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The Effect of Intensive Case Management on Hospitalization of Patients With Schizophrenia
Robijn K. Hornstra; Virginia Bruce-Wolfe; Kemal Sagduyu; Donald W. Riffle
Psychiatric Services 1993; doi:
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University of Missouri-Kansas City and medical director of the Western Missouri Mental Health Center in Kansas City

university's department of psychiatry and is research psychologist at the center; Western Missouri Mental Health Center, 600 East 22nd Street, Kansas City, Missouri 64128

University of Kentucky in Lexington

Midwest Research Institute in Kansas City, Missouri

1993 by the American Psychiatric Association

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Abstract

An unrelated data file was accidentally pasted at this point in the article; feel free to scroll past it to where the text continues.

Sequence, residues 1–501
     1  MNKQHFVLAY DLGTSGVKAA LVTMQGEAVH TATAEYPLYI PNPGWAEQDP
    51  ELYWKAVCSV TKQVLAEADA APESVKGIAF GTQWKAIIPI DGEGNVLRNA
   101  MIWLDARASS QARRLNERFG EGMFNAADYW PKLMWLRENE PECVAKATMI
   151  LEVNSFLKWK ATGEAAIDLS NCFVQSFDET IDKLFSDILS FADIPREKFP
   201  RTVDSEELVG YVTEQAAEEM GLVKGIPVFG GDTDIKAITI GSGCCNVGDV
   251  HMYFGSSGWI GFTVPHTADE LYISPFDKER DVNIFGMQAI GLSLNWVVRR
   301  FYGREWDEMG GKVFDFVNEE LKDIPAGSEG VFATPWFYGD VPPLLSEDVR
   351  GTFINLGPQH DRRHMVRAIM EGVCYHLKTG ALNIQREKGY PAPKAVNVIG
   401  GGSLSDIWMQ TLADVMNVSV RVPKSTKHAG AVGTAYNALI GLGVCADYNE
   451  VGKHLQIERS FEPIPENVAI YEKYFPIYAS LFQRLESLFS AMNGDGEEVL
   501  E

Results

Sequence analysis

Objective: The study aim was to determine if a community-based psychiatric rehabilitation program with intensive case management was more effective than traditional outpatient services in reducing bospitalization of chronic schizophrenic patients. Methods: One hundred twelve schizophrenic patients enrolled in the intensive case management program were matched by age, number of previous hospitalizations, and days spent in the hospital with 112 schizophrenic patients who received medication services and minimal case management. The two groups were compared on the amount of services used and the number of hospitalizations and hospital days over a 24-month study period. Results: Patients in the intensive case management program bad been enrolled for a mean of 10.96 months, with a range from one to 24 months. They used significantly more mental health services during the study period compared with the patients in the controlgroup. However, no significant differences were found between the two groups in number of hospitalizations and hospital days. Both groups showed an increase in the number of hospitalizations over the study period. Conclusions: A community-based psychiatric rehabilitation program with intensive case management was no more effective than medication services and minimal case management in reducing hospitalization among chronic schizophrenic patients.

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